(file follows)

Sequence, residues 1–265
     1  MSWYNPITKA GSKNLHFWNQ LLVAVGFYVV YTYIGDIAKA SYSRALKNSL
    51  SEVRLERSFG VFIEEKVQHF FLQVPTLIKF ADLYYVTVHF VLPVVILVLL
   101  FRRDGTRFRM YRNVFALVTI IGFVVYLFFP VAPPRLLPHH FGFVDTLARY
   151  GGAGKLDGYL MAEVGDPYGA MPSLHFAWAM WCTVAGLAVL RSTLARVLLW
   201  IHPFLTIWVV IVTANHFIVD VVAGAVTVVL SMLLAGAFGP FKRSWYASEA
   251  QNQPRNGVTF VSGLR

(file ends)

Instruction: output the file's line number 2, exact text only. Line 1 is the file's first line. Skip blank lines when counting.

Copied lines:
     1  MSWYNPITKA GSKNLHFWNQ LLVAVGFYVV YTYIGDIAKA SYSRALKNSL